December 05, 2015
/ by Katie Gaab
Consumers have started to tune out brand messages.
But don’t fret, there’s a way to break through, gain back their attention and make your brand be heard: brand journalism.
In fact, 78 percent of CMOs estimate that future marketing and communication will rely on this customized content approach.
Here are three aspects of brand journalism all PR and communication professionals should understand before deciding to include it into a marketing strategy:
Let’s start with the basics: brand journalism is not journalism. While both reporters and brand journalists look out for stories that touch on current events or breaking news, their mindsets differ.
Brand journalists are motivated by successfully reaching business goals and focus on increasing brand impact, while reporters are motivated by sharing knowledge and focus on impacting the public’s perception with information.
Furthermore, brand journalism does not necessarily bring products and services to the forefront of discussion like content marketing does. Instead, it looks at how people are affected by the particular brand.
Brand journalism is also not content marketing. Content marketing exists to guide people down the sales funnel; brand journalism exists to invite people to start that journey.
Brand journalism’s target outcome is to acquire relevant audiences by building awareness and providing context for follow-up messaging.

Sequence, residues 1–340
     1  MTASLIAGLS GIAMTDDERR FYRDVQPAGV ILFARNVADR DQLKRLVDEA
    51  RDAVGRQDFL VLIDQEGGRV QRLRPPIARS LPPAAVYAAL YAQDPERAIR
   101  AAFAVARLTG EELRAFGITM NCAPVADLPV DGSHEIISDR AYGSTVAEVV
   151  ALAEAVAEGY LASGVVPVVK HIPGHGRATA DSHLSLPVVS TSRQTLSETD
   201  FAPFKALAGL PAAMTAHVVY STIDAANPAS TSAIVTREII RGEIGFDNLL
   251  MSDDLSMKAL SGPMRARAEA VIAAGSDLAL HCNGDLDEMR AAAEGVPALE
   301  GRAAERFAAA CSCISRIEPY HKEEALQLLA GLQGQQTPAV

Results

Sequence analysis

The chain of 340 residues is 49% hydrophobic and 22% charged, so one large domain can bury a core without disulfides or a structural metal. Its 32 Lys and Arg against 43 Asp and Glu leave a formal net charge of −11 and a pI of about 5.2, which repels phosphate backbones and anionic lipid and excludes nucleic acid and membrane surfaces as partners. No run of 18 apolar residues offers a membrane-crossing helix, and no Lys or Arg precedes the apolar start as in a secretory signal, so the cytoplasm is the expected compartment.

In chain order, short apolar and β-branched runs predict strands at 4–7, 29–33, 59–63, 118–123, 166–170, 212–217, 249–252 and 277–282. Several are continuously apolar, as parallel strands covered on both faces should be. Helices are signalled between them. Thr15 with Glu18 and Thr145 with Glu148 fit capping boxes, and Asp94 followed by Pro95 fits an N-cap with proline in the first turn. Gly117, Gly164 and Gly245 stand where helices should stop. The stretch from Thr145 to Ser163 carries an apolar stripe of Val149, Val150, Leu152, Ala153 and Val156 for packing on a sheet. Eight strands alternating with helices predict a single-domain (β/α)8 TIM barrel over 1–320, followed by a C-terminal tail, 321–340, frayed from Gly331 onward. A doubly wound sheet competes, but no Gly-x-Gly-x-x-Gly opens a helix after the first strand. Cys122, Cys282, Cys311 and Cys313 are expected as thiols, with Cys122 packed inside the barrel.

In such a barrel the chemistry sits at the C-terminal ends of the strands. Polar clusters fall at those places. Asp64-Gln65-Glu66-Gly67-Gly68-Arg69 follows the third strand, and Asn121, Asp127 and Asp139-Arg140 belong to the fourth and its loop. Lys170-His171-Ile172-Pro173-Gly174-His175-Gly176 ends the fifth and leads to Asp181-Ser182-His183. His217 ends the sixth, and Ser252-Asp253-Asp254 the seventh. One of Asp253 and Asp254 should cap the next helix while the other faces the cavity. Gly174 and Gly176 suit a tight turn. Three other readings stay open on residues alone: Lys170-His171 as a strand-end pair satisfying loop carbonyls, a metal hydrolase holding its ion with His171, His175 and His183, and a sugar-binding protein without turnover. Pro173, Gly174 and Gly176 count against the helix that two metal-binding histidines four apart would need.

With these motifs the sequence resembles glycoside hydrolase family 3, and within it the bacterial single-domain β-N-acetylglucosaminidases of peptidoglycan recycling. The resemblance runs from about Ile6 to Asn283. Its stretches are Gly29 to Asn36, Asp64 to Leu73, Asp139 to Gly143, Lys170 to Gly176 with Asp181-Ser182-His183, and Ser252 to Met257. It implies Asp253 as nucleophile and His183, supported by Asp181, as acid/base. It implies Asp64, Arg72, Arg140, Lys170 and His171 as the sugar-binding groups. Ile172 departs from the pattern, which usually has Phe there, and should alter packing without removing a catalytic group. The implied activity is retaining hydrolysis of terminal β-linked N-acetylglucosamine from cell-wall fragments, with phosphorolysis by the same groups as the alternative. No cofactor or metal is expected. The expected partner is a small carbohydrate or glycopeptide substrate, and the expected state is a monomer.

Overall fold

Content marketing, on the other hand, aims to strengthen and nurture loyalty with a brand’s audiences by capturing interest as well as generating leads and sales conversions.
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Content marketing pieces can take on a variety of forms: blog posts, ads, videos or even memes for social media platforms. Brand journalism, however, typically takes a longer form and is later distributed via social media networks.
For brand journalism to succeed, this content must have a centralized home that’s easy to find, navigate and link to.
Above all, brand news hubs, like traditional newsrooms, must focus efforts on current trends or events when posting new content. In a recent report, Mynewsdesk found that 98 percent of businesses have a news hub, but only 35 percent are consistent in creating and posting new content.
Images: umjanedoan, Allan Ajifo, Robert Couse-Baker (Creative Commons)
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